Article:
For if we have been planted together in the likeness of his death, we shall be also in the likeness of his resurrection: Knowing this, that our old man is crucified with him, that the body of sin might be destroyed, that henceforth we should not serve sin. For he that is dead is freed from sin.
Now if we be dead with Christ, we believe that we shall also live with him: Knowing that Christ being raised from the dead dieth no more; death hath no more dominion over him. For in that he died, he died unto sin once: but in that he liveth, he liveth unto God. Likewise reckon ye also yourselves to be dead indeed unto sin, but alive unto God through Jesus Christ our Lord.
Let not sin therefore reign in your mortal body, that ye should obey it in the lusts thereof. Neither yield ye your members as instruments of unrighteousness unto sin: but yield yourselves unto God, as those that are alive from the dead, and your members as instruments of righteousness unto God. For sin shall not have dominion over you: for ye are not under the law, but under grace.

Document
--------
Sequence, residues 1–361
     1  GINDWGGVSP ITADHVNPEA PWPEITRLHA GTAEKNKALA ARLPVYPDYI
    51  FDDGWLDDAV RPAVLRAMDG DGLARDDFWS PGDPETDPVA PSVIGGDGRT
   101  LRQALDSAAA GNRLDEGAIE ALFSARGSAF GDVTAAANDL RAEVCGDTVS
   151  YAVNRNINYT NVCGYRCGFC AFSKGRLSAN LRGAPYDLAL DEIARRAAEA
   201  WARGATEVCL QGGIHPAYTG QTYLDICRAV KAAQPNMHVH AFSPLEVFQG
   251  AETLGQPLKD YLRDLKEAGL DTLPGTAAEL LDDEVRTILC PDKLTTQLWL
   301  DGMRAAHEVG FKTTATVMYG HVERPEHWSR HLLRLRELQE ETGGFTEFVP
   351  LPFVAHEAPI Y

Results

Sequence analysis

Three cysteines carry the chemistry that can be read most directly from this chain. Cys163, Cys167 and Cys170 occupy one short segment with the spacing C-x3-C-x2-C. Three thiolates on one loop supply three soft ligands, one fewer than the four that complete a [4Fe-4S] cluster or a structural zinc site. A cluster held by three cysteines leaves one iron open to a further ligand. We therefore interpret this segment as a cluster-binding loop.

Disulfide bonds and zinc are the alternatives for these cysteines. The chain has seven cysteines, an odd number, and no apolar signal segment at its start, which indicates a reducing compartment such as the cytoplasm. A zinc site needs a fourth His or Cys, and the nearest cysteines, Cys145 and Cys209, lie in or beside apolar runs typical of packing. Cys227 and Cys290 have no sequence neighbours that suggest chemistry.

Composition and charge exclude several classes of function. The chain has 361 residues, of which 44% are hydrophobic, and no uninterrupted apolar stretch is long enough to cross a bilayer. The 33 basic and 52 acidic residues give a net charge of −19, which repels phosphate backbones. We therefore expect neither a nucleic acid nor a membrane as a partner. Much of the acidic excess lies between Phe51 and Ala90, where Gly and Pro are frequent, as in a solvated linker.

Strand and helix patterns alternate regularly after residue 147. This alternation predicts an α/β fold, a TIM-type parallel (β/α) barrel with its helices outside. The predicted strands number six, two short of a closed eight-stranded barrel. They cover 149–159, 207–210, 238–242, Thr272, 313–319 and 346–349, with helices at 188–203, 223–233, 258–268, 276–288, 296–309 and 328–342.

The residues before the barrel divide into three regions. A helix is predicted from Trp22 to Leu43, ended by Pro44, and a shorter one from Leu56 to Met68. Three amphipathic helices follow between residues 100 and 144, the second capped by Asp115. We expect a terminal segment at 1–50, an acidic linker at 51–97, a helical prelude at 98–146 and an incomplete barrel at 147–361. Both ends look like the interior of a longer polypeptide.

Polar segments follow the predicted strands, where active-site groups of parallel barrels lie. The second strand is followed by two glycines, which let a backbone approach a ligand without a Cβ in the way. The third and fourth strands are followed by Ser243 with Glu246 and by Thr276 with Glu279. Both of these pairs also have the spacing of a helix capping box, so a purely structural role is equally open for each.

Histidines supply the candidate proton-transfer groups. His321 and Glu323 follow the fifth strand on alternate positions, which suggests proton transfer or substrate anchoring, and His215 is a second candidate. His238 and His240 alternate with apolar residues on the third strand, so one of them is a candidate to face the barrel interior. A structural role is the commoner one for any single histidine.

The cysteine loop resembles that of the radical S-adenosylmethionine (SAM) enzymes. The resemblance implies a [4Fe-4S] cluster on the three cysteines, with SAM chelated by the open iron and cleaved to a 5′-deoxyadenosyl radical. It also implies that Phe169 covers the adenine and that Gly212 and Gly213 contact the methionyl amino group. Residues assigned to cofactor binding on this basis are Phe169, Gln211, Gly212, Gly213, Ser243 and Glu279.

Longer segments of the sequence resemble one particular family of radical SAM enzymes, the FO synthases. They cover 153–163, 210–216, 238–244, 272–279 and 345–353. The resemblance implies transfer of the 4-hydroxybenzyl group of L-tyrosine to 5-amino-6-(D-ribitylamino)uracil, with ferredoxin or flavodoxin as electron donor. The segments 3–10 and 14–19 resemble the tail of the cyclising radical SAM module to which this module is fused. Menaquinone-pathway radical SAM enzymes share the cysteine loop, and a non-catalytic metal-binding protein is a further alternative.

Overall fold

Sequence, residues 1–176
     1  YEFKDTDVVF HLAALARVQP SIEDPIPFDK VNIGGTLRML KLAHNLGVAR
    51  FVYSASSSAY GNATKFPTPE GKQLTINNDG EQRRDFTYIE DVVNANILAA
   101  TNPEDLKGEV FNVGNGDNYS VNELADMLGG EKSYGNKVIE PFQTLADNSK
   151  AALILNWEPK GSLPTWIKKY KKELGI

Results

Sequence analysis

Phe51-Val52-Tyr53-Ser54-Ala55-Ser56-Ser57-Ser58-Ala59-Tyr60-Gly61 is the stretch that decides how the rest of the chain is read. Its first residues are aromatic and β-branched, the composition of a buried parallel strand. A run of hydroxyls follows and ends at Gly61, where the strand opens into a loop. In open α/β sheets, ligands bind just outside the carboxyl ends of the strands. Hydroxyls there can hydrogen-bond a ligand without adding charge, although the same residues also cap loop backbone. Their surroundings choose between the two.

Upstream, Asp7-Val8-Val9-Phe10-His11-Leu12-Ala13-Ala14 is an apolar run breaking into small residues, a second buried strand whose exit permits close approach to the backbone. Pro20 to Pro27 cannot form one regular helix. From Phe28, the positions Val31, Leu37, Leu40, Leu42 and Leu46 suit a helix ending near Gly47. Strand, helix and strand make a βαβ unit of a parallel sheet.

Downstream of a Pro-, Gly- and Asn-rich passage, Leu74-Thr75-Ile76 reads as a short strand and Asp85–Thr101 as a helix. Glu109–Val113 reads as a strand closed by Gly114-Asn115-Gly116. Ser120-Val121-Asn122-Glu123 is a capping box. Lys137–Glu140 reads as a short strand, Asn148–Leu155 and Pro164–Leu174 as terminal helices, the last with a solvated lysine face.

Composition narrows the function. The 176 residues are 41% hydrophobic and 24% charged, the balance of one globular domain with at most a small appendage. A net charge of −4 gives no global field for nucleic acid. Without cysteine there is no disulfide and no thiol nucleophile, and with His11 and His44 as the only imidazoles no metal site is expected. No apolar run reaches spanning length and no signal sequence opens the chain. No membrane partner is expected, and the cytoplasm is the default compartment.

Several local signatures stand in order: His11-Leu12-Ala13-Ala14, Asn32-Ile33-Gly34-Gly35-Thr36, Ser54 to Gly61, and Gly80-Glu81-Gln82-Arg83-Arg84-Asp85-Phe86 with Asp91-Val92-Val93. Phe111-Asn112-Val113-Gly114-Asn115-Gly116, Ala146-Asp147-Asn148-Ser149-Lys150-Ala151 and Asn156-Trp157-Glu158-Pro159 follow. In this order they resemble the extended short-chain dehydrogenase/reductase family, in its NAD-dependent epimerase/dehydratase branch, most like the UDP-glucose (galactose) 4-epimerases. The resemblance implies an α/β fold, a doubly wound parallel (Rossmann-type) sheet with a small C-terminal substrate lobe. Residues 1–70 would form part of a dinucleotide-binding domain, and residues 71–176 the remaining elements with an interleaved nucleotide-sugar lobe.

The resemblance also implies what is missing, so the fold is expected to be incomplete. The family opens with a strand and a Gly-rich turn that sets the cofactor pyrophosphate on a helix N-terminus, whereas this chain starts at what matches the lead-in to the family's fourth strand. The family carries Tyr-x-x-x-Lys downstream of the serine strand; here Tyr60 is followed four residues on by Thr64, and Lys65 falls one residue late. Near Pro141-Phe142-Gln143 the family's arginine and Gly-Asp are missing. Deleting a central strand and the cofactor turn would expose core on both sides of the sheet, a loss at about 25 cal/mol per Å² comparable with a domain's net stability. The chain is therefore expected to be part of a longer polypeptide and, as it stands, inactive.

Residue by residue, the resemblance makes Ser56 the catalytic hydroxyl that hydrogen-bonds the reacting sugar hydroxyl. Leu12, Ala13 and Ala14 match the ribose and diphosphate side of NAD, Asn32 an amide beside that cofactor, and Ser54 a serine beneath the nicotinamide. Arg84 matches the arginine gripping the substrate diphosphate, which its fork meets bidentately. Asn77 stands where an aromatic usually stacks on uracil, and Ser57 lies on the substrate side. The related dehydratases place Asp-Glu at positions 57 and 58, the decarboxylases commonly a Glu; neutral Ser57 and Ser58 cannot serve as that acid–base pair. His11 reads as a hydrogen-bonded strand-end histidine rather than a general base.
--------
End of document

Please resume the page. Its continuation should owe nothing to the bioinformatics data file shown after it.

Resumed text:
What then? shall we sin, because we are not under the law, but under grace? God forbid. Know ye not, that to whom ye yield yourselves servants to obey, his servants ye are to whom ye obey; whether of sin unto death, or of obedience unto righteousness? But God be thanked, that ye were the servants of sin, but ye have obeyed from the heart that form of doctrine which was delivered you. Being then made free from sin, ye became the servants of righteousness.
I speak after the manner of men because of the infirmity of your flesh: for as ye have yielded your members servants to uncleanness and to iniquity unto iniquity; even so now yield your members servants to righteousness unto holiness. For when ye were the servants of sin, ye were free from righteousness. What fruit had ye then in those things whereof ye are now ashamed? for the end of those things is death.